Hong Kong’s population includes an estimated 7.5 million people, approximately two million of whom participated at the height of the protests that have grabbed world-wide attention.
At one point earlier this week, something quite amazing happened: The sea of protesters parted to allow an ambulance to get to somebody in distress. As the ambulance passed by, the protesters reformed their ranks.
The protests have been remarkable in many ways that even the New York Times is noticing:
“Christians have been a visible part of the protests this month, providing food and shelter at demonstrations and condemning efforts by the police to break them up.
“Many protesters, even those who are not religious, have embraced the teachings and messages of Christianity to denounce a proposed law to allow extraditions to mainland China.”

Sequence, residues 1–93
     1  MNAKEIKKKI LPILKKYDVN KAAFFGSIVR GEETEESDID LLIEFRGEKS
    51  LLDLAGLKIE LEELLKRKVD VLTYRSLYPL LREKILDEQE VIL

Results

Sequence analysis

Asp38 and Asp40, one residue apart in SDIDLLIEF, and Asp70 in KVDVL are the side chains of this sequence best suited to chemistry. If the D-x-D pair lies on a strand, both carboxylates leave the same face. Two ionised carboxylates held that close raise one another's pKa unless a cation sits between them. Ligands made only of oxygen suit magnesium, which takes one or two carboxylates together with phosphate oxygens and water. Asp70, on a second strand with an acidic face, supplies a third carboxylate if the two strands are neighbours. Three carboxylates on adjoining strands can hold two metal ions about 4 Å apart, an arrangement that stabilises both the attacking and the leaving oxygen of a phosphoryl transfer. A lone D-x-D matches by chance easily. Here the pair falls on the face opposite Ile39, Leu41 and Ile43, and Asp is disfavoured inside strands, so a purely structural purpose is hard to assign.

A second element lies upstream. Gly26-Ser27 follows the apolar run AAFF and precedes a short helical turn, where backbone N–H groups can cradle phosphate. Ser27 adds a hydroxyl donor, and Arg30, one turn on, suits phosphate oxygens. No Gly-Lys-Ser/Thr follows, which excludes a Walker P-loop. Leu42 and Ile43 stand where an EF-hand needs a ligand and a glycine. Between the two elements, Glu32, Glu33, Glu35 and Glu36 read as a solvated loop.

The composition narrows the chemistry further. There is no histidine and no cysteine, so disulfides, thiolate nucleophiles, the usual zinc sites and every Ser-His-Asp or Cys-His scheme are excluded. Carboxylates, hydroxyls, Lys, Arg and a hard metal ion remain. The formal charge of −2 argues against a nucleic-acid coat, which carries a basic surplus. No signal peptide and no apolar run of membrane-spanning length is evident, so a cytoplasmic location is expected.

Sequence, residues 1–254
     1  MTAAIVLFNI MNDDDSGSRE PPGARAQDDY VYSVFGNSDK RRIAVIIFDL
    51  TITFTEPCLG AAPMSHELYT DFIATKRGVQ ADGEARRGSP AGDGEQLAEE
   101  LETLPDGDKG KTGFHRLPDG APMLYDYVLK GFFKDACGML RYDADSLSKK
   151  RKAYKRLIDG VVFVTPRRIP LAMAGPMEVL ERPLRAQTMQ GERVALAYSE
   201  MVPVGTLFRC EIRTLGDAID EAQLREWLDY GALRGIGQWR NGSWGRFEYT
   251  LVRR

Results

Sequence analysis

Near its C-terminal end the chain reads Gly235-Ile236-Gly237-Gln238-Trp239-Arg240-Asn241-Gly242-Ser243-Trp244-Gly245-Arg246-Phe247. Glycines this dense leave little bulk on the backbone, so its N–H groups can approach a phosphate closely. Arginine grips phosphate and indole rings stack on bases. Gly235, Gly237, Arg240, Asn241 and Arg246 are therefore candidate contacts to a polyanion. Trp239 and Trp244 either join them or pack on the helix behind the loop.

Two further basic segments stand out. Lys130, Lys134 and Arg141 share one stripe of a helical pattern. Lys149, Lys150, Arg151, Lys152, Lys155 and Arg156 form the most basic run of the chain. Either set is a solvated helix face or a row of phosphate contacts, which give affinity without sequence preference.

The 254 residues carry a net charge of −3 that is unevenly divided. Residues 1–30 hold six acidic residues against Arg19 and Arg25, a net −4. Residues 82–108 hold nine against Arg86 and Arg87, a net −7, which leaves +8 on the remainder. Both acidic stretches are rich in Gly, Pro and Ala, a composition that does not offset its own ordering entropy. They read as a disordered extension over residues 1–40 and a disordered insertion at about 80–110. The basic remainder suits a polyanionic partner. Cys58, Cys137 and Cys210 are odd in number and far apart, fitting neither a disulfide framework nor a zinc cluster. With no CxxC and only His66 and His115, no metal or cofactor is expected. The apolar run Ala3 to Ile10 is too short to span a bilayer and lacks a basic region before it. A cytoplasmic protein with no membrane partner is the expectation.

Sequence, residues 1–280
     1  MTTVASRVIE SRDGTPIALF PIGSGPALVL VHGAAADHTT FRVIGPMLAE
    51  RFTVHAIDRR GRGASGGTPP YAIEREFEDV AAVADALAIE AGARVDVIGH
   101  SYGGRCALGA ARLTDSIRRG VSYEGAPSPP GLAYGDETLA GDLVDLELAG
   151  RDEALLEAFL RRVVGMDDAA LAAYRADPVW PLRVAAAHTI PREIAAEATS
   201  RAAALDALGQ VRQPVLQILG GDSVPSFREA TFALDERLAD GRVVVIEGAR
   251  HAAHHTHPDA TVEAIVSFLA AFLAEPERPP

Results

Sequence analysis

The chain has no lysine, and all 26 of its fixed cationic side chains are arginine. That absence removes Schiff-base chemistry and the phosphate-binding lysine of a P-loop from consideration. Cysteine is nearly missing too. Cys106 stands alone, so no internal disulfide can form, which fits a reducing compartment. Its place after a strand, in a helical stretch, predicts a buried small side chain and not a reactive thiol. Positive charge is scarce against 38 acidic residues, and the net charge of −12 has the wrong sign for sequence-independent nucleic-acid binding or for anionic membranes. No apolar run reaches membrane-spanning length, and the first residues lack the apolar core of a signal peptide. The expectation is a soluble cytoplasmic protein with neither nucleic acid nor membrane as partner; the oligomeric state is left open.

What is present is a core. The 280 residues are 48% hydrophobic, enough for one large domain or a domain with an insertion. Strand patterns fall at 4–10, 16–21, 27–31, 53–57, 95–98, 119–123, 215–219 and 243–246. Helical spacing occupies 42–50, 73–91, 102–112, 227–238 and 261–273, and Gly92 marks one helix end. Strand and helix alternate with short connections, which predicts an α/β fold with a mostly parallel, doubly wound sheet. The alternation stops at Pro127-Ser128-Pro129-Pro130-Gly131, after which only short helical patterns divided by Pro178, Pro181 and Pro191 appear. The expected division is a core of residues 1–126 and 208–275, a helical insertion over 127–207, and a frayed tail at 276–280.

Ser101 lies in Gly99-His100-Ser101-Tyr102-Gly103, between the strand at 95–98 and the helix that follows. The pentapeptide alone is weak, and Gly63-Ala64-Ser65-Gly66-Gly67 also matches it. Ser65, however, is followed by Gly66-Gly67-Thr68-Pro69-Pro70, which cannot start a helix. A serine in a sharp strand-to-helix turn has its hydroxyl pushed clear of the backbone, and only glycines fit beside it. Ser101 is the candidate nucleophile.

Writing in The Federalist, Helen Raleigh explains the crucial role being played in the Hong Kong protests by countless individual Christians and numerous Christian groups, both Catholic and Protestant.
Raleigh, an immigrant from China, is an immigration policy fellow at the Centennial Institute at Colorado Christian University. She describes the central role of private Christian schools in both the demonstrations and the long-running resistance since the 1997 handover by Britain to China to the communization of Hong Kong.
Beijing, the world is watching.
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